SUNRISE BEACH, Mo. — Three days after the story broke that the Lake of the Ozarks village of Sunrise Beach had violated state law by dumping partially-treated sewage on a hillside above the Lake, the Missouri Department of Natural Resources says it happened again. But this time it was even worse.
On Jan. 3, LakeExpo.com and KY3 News broke the story that the Village of Sunrise Beach had received notice of multiple violations of state law, following an inspection in October that revealed the village’s sewage treatment plant on Highway 5 just east of the Hurricane Deck Bridge had pumped partially-treated sewage out of the plant, onto the ground, just uphill from the Lake. Then, on Jan. 6, the DNR received a phone call from a resident who lives downhill from the treatment plant. That resident said the treatment plant’s discharge creek—which is designed to release safely treated water into the Lake—runs through their property, and they had concerns about sludge in the creek.
Brown Effluent & Deep Sludge
Two DNR investigators, Ashley Bailey and Sara Veasman came to the site on Jan. 7, and walked the creek with the concerned resident, according to the DNR’s report. What the inspectors found was alarming, and illegal. From the DNR investigation report:
“There were water quality concerns of sludge buildup along the entire distance from the Lake… to the facility.”
“Oily and greasy scum was also observed floating on top of the stream…”
“There was a wide path of vegetation laid over along the hill where effluent or bypassing was evident. The area was covered with sludge and algae growth with a fishy smell.”
“The outfall basin located outside and under the fence of the facility… was entirely covered in deep sludge and algae growth…”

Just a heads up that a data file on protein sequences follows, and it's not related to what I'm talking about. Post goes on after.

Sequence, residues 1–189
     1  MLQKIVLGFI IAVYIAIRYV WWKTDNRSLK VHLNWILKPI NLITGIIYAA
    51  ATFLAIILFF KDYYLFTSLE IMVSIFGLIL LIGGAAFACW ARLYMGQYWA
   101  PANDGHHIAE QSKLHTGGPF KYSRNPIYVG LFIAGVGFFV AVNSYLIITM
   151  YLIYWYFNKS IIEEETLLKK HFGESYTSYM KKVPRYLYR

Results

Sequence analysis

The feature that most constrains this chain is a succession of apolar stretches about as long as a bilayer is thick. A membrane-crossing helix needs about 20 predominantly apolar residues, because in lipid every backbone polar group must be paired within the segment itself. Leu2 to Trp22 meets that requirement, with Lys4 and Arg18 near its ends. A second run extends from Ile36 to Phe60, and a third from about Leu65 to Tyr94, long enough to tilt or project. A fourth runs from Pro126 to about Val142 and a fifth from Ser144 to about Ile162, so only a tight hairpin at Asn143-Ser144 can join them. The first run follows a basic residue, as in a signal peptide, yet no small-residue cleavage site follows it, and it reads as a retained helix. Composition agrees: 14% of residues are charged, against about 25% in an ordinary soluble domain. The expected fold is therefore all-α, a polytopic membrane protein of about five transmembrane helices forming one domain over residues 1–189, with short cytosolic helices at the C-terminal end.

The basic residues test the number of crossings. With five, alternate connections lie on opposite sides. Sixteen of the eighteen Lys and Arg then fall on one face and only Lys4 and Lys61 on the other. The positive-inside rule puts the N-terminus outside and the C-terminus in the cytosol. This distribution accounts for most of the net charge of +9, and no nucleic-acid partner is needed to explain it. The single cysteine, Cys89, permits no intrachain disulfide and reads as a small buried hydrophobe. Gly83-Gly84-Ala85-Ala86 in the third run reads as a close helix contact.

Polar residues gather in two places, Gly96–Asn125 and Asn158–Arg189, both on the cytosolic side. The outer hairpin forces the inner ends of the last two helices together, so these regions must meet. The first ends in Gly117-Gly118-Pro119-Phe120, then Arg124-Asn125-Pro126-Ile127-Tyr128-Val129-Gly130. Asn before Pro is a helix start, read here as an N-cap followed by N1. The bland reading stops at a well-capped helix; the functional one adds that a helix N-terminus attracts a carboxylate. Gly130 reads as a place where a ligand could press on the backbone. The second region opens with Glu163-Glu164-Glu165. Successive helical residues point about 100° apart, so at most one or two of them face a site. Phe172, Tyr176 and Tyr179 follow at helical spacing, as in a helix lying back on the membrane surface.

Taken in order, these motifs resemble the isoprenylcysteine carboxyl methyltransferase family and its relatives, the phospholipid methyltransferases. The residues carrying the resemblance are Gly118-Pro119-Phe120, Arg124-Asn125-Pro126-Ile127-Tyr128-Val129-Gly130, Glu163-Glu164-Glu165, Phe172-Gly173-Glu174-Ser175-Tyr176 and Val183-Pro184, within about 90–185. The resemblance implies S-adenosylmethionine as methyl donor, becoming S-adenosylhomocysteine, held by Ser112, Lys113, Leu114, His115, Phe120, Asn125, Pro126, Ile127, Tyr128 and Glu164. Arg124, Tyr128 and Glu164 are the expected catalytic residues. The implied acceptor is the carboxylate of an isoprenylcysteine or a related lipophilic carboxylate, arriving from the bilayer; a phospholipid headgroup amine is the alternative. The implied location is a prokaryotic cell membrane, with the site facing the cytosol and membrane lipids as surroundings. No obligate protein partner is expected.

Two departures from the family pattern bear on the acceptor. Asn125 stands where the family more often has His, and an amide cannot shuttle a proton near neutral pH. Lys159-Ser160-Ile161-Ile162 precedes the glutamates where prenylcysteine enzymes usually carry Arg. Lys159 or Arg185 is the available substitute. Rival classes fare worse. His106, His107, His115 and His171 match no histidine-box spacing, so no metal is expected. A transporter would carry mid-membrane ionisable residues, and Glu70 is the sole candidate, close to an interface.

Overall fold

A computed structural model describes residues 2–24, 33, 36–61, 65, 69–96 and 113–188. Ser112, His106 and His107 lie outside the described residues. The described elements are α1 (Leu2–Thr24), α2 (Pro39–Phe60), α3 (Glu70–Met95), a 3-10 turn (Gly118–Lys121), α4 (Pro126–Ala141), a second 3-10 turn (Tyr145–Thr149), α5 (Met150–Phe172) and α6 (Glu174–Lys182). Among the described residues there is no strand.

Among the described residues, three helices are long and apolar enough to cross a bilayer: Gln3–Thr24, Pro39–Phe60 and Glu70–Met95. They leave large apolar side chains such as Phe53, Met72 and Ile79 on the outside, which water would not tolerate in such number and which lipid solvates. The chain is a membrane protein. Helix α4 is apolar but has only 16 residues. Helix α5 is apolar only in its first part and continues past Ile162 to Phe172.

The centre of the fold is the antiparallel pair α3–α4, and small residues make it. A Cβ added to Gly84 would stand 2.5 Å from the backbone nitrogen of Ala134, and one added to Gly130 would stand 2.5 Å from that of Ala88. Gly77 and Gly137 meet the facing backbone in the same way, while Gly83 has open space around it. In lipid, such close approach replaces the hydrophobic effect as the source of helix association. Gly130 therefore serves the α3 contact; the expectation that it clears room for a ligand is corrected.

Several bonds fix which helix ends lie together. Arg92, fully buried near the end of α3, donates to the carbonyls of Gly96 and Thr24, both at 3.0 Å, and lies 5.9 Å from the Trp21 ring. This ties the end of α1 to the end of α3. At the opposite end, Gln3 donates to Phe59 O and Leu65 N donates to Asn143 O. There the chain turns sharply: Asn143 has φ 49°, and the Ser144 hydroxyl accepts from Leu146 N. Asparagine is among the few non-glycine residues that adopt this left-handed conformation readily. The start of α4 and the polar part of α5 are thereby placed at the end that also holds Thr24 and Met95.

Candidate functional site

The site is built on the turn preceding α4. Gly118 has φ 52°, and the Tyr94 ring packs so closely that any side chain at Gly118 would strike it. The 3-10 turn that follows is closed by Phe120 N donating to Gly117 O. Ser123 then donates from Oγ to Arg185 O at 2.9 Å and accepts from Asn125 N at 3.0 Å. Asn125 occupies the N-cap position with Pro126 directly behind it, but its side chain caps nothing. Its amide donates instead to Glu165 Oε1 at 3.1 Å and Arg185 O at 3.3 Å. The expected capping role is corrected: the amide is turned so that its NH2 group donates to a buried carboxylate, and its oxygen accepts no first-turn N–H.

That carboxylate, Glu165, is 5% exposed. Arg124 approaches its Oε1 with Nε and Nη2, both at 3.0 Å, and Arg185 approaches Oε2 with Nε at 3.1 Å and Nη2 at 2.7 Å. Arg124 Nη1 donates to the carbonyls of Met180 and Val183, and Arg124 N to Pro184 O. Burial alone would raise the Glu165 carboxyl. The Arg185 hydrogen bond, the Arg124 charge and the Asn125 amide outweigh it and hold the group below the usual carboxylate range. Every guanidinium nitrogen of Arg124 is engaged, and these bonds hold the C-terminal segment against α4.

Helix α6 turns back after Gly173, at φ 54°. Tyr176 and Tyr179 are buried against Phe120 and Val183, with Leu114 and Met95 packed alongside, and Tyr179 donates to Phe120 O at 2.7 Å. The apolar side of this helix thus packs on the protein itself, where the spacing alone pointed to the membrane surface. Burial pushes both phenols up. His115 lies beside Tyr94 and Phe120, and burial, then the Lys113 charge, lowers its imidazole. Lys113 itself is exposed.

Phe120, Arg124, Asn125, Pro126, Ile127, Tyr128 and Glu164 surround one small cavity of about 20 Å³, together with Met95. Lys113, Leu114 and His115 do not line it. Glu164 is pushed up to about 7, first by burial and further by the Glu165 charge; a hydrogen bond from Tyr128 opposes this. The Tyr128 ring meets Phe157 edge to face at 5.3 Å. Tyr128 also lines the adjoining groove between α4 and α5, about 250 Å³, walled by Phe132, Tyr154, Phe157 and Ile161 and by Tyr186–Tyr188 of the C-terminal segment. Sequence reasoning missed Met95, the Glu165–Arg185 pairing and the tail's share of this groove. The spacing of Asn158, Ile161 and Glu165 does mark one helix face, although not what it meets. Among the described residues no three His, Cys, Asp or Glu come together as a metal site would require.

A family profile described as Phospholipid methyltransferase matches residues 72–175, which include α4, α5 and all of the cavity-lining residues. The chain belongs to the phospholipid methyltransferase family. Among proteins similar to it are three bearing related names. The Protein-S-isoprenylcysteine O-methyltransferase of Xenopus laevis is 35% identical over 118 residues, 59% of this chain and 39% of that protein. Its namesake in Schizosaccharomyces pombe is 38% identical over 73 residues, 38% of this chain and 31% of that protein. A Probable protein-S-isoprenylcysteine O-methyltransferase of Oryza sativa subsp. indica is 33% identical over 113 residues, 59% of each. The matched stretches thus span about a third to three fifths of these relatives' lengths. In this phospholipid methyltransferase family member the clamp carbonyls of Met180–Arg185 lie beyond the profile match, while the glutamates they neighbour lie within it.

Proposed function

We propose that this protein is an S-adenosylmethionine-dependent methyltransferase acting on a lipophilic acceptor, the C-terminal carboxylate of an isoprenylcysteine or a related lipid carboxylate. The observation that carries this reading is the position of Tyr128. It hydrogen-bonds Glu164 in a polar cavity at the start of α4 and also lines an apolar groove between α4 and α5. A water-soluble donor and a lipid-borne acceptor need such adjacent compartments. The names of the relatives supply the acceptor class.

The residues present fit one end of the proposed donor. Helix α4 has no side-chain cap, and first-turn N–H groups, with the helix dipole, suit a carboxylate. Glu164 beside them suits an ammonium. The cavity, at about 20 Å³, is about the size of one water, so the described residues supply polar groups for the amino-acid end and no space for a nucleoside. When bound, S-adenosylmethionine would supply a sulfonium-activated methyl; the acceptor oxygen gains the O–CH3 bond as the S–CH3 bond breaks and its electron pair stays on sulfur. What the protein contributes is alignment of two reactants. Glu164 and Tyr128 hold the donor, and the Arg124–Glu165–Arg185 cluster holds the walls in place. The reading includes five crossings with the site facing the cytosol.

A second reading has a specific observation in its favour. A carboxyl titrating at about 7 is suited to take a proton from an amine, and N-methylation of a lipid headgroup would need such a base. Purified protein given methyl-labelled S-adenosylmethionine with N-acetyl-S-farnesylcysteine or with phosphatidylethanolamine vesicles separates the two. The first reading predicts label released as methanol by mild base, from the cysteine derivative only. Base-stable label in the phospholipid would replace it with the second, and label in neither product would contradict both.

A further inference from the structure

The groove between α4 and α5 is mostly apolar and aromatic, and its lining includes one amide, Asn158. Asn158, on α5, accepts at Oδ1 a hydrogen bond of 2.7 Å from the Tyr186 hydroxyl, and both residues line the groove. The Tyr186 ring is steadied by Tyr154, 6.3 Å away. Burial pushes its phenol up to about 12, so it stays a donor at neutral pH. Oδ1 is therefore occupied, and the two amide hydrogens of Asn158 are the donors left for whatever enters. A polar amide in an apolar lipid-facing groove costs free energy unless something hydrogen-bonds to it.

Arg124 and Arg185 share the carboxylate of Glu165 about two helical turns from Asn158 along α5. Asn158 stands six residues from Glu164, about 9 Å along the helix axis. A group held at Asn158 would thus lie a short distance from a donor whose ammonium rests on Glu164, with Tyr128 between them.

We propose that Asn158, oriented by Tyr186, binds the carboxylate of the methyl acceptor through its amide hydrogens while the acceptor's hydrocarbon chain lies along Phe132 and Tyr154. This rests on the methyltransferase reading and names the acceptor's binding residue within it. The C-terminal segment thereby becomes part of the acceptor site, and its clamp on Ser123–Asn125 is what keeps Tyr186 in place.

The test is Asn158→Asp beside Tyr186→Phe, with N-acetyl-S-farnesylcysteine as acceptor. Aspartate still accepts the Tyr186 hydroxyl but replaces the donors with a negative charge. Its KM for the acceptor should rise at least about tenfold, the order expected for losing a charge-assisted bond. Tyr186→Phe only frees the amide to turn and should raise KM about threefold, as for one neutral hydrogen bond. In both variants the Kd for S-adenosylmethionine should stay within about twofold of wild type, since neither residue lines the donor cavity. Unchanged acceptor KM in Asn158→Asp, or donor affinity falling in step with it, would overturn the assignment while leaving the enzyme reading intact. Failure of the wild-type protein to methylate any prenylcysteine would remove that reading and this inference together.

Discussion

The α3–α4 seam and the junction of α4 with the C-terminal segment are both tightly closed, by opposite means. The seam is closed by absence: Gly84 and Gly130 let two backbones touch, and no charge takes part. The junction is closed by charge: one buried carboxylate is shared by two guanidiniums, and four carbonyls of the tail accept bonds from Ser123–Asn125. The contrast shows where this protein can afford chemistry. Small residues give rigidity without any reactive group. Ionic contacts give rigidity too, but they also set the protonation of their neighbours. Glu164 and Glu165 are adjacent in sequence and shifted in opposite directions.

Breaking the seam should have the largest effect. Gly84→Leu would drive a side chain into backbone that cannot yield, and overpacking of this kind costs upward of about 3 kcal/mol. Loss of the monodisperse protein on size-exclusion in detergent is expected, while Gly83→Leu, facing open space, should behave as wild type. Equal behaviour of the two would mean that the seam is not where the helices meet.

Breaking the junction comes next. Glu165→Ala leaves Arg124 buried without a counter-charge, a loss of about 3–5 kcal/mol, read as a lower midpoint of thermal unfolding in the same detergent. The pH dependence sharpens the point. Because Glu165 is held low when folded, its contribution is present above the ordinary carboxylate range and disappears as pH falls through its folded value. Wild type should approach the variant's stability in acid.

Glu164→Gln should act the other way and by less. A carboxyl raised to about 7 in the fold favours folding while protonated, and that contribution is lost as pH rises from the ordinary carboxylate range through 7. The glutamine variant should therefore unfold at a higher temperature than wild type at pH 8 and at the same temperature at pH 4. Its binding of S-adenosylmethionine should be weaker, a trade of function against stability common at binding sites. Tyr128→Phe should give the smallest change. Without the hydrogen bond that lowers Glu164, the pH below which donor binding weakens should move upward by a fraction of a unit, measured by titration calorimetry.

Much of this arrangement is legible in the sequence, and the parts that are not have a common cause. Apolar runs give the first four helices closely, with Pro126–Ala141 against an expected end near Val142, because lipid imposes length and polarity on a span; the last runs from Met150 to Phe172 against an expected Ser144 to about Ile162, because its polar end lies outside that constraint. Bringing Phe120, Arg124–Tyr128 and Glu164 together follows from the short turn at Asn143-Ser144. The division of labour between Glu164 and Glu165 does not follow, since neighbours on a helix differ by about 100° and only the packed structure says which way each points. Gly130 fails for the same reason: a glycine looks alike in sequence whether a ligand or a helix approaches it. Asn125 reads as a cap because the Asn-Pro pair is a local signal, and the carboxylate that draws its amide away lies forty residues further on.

“Brown effluent began discharging from the outfall and running over the hillside during the investigation.”
The next day, DNR Environmental Supervisor Joe Stoops spoke with Sunrise Beach City Planner Roger Corbin, who said immediate action would be taken to resolve the problem, according to the report. The treatment plant operator, Brian Scheiter, said he was taking care of cleanup, with a vactor truck sucking the sludge out of the outfall and UV channel, and plans to spread lyme over the contaminated area, the DNR says. Only a few days later, on Friday and Saturday, Jan. 10-11, the Lake area received between 4–5 inches of rain in 24 hours.
However, before the rain came, on Jan. 9, DNR Inspector Ashley Bailey returned to the property. She found evidence that lyme had been spread, and “the quality of the stream appeared improved compared to the initial investigation.” Bailey also noticed work had begun to direct the flow of the outfall stream with rip rap. The sewage treatment tank aerators were also running at the time of the inspection; the initial violation notice in December had cited the village for not running the aeration tanks sufficiently. However, thick sludge and algae were still visible on the hillside near the outfall, the investigator reported.
The village received another Notice of Violation as a result of the January inspection; in it, seven violations were listed.
1. Solids below the outfall, in the receiving stream
2. Bottom deposits in the receiving stream
3. Oily and greasy scum on top of the receiving stream
4. A silt fence was placed across the receiving stream
5. The area downstream of the discharge was covered with sludge and algae growth, with a foul odor
6. Brown effluent was discharged from the facility
7. Failed to operate and maintain facilities to comply with the Missouri Clean Water Law
Meanwhile, the Village has removed Scheiter from his sewer and water duties, effective Monday, Feb. 3, and he may even lose his state certification. Read more here.